My last writing diary entry focused on things I was learning from Muriel Spark. That means it’s a couple of months since I last reviewed my blue notebook and took a hard look at my productivity figures. I’ve done that now and I’m a bit disappointed, but let’s see if I can put a positive spin on things.
It seems that, in July, I managed to write on 22 days of 31. By comparison, in June I managed 25 days out of 30. On the other hand I wrote 13,500 words in July but only 10,600 in June. This means my daily productivity in July was better despite the fewer days. That’s good, no?
As I’ve mentioned before, when I write I do so often in longhand in a notebook. Later I transcribe into a computer. It is the transcribed words I’m counting (using the computer to count) and I do have a good many un-transcribed texts still in the notebook. The un-transcribed are often shorter things I haven’t decided what I want to do with, or parts of longer texts that I haven’t yet worked out how to fit in. What I’m saying is, the numbers of words in the previous paragraph is a minimum. I have written more.
And I’m not counting words written for my paid translation jobs, either. Though to be honest I spent much less time on translation work in June and July – with the exception of the Almedal week. (For non-Swedes, Almedal is a week-long political/cultural/social/business event. It’s a kind of political fair or exposition that takes place annually at Almedal in Visby on the Baltic island of Gotland. One of my clients was participating and I was translating the Swedish blog articles they produced. You can see part of the English language section of their website here.)
Paid work aside, my writing in July split mostly between my blogging here at TheSupercargo and a science-fiction story I’m working on. In June I put quite a lot of work into Elin’s Story, but it seems I needed a break in July.
As you see, I’ve moved in the blog from a two- to a three-day publication week. I’m still not sure I can keep that up, but I have a plan and at least the sketch of an organisation, so we’ll see. I was pleased to be able to use a Monday to publish, on my birthday, a little bit of memoir (Six Decades of a Date).
The science-fiction story is called Choi and Luce (that’s the working title). I’ve been filing away at it since last summer when my writer friend Kim Kimselius introduced me to Wattpad. I decided I’d like to try my hand at a serial science-fiction story as far removed in the future from now as Elin’s Story is in the past.
Choi and Luce
Choi and Luce follows the adventures of Choi Sam and Jane-Louise Tollymoor in a world 500 years in the future. The Earth is recovering from the ecological disaster and armed conflict that we seem on our way into today. Choi and Luce travel together in a Rugged Ambulatory Medical Unit – a RAMU – under the direction of an artificial intelligence that calls itself Trixie. (The RAMU is under Trixie’s direction – Luce is not. The jury is out on Choi.)
Some areas of this future world are in a highly advanced technological state where human intelligence and artificial intelligence work alongside one another. Other areas remain – perhaps by choice – in a kind of early 19th-century rural idyll. Further out from the world’s ten high-tech centres, beyond the circle of rural nation states, are the “wilderlands”. Here human communities survive in a thoroughly pre-industrial setting.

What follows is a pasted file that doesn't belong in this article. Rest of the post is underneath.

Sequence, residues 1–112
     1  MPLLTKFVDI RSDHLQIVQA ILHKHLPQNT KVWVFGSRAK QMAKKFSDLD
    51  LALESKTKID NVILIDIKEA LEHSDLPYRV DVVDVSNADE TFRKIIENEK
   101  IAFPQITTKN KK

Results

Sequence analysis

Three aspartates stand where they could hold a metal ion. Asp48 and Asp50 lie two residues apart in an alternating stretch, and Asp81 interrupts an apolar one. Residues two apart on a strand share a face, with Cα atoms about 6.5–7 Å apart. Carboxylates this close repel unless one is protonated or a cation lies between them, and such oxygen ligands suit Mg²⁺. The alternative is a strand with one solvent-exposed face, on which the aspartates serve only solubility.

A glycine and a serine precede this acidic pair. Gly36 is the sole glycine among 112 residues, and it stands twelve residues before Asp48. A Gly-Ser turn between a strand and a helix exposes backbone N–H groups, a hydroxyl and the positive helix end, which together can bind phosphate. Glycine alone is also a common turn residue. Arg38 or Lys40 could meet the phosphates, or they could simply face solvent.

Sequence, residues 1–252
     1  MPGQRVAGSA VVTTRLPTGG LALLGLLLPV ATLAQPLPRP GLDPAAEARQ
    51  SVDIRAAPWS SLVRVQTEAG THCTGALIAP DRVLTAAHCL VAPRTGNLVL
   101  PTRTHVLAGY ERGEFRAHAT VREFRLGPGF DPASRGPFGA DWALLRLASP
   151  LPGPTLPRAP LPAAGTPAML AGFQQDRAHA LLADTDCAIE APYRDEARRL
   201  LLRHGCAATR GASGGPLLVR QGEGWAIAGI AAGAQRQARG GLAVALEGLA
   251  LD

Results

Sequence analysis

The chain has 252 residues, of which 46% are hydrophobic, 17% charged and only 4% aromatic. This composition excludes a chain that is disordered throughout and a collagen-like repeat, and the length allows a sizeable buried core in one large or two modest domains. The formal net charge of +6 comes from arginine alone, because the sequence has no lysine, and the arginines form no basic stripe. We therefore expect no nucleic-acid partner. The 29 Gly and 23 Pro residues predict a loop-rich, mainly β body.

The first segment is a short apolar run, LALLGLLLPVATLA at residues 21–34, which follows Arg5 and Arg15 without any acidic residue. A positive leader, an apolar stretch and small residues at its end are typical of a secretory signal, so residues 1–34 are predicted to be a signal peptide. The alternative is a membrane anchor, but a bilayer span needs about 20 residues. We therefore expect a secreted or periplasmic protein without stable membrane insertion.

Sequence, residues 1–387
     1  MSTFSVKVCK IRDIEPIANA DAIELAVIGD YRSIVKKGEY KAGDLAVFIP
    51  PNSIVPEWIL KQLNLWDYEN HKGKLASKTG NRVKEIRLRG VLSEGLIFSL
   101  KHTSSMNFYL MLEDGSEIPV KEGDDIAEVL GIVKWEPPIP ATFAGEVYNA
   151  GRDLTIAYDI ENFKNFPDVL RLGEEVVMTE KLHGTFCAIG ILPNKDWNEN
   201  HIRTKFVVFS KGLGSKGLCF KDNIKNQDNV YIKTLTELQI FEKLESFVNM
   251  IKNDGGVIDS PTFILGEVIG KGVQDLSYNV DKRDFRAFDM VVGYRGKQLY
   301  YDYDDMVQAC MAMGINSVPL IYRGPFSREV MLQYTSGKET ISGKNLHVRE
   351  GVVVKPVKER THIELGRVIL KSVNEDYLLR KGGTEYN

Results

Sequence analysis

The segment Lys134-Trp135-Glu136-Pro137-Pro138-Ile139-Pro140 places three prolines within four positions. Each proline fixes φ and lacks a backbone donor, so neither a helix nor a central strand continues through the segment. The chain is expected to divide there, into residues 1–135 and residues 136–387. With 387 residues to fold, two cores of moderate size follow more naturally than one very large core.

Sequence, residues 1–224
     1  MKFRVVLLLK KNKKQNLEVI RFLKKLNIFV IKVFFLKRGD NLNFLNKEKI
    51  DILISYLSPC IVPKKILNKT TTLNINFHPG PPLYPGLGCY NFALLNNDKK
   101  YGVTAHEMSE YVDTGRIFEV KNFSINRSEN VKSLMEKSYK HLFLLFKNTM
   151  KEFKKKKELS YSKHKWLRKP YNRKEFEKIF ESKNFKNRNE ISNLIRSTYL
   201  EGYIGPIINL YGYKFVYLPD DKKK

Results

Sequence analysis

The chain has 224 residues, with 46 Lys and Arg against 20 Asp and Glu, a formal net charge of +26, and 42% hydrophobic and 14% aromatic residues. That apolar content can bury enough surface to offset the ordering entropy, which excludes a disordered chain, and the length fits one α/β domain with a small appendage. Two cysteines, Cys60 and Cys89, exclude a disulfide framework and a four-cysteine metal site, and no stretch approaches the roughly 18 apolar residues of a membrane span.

Choi, Luce and Trixie are on a mission to contact and assist these far-flung communities lost in the wilderness that is Western Europe.
In typical fashion I decided I would not publish anything until I had a story written and ready to go… And a year later here we still are. The story is unpublished and like most of my longer pieces, as yet unfinished. But I do have hopes I might manage to have something put together by the beginning of September. Or maybe October.
What else is there to report?
Of letters and newsletters
I do occasionally get myself together enough to write a “proper letter” (usually to my mother), or a longer e-mail. It doesn’t happen as often as I would like, and then people reply. I like the replies – of course I do – but I have a bad conscience about not replying in turn as quickly as I should. I think the worst is one I haven’t answered since Christmas. I’ll get round to them all eventually. Promise!
I’m also trying to make up my mind to start a newsletter coupled to the website. The idea would be to collect e-mail addresses and send out a mail to everyone who has signed up, say, once a month. The letter will include links to articles on the website that I’ve published during the previous month. (And perhaps to some relevant archive articles too.) Subscribers would get advance notice of – for example – the Choi and Luce serial when I publish it.
I’m also thinking of creating a photo calendar for 2019 with some of my better pictures. Maybe even two – one with Gothenburg photos the other with pictures from all over. This again might be something subscribers got early notice of.
It’s still an open question, so let me know what you think. You can write a comment here or you can reach me through Twitter, Instagram or Facebook. Or you can use the website’s contact form.
To the season of mists
Well, maybe it’s time to bring this to a close. I’ll revisit my notebook again in couple of months to see if I’ve improved my productivity. Right now I think I should be able to, but we’ll have to see what the cool mists of autumn do to my resolve. (Though after this summer, the cool mists of autumn do seem rather attractive.)
I’m also publishing this article for the #Blogg52 challenge.
Ah, the enthuiasm of youth. Three years down the line and Choi and Luce is still unfinished. That newsletter remains but a very faint glint in the tunnel of darkness stretching to an unknown future. But I do have a subscription form on the site now, so some small progress. [6th Nov 2021]